SAN FRANCISCO--One of the biggest booths at the Web 2.0 Expo here belongs to a very un-Web 2.0-ish kind of guy.
Remember Steve Perlman? He's one of those tech wunderkinds who piled up a laundry list of achievements over the last couple of decades--to the point where their predictions about technology carry more weight than most mere mortals. In his case, the highlights include leading the Apple development team whose technology led to QuickTime and later co-founding WebTV (later sold to Microsoft for a half billion or so.)
Perlman has been working at Rearden, an incubation firm he founded in 2000 that has some cool companies in its network, including Mova and Moxi Digital. Perlman was at Web 2.0 to show the corporate flag and sign up new talent. Though neither he nor his team would say what was on deck, they were playing it up as quite a big deal.
"At least two of the technologies we have are getting ripe on the vine," he said. The big tease. (By the way, Tom Paquin, who ran engineering at Netscape, does the same at Reardon.)
Interestingly, Perlman isn't very impressed by most of what falls under the rubric of "Web 2.0." Coming from someone with his technical pedigree, I was intrigued when he added: "Most of what you see here will be obsolete in three or four years."
Unfortunately, I was already running late when he offered those bons mots at the end of my interview and didn't have enough time to get into that. Hopefully, I can reconnect at the company's party this evening.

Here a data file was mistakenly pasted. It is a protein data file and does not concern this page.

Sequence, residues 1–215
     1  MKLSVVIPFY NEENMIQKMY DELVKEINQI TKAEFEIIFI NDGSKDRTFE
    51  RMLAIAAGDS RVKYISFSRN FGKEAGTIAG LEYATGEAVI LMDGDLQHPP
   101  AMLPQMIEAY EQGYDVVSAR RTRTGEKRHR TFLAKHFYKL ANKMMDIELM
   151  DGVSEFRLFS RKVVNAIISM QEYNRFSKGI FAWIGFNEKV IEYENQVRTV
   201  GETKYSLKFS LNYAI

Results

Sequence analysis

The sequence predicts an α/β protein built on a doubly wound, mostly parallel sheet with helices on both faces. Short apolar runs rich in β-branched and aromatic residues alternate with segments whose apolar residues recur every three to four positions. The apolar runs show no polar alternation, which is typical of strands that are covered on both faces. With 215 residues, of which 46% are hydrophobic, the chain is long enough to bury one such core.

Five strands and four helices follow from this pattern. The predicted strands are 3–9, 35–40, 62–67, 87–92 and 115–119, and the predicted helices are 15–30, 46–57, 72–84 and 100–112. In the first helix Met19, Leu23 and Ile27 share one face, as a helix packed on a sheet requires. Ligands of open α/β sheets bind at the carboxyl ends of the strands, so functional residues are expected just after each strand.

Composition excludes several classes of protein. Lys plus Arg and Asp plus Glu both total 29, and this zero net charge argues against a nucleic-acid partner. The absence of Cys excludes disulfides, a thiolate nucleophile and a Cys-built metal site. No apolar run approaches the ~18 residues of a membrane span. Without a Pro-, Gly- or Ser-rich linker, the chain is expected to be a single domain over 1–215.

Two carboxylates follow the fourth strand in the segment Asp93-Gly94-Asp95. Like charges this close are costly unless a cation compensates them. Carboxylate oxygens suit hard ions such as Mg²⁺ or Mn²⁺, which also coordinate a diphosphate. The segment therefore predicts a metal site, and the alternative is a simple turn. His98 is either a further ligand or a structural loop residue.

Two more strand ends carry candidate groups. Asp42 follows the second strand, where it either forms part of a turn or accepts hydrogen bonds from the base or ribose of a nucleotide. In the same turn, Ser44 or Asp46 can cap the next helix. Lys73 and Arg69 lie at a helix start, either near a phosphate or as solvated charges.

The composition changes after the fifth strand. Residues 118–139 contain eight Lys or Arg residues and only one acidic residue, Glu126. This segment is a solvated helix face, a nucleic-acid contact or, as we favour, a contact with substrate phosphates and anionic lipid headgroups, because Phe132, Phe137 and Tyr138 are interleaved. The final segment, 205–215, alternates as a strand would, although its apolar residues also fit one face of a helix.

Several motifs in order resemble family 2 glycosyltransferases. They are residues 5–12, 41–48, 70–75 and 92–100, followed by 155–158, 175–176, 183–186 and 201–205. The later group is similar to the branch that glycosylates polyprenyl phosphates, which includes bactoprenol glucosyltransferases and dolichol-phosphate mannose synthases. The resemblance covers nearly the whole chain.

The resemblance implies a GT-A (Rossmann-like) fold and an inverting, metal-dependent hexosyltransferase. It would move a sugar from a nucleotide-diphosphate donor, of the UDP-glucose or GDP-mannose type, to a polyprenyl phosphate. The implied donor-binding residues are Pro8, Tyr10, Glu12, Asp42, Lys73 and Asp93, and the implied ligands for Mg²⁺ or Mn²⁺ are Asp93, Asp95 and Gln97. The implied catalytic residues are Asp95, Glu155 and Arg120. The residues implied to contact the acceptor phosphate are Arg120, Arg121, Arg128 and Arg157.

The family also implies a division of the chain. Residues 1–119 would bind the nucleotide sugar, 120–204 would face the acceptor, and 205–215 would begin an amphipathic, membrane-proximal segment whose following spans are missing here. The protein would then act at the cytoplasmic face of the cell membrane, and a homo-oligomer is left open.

I did manage to catch up with Perlman. Here's what he had to say (over the din of a pounding electric-muzak like attack on our eardrums.)
"What we've been seeing is a huge change in the way people manage their data and the way applications handle data. We've been working on the assumption that the gold standard for communications was a 1.5 megabit T-1 line. Like, you had it made! Well, today, that just sucks. Most people can get 3 to 6 megabits. So you're seeing richer flash animations on pages and that's beginning to change the way people think about stuff."
"They're adding new things as the Web becomes richer. But a lot of the sites you see out there tend to be very static. You go from one static page to another static page. They may call themselves Web 2.0 but it's Web 1.0 in terms of interactivity....I was walking around the floor (at the conference) and asking myself, `Where is the video?' It's not there. And that's going to have repercussions."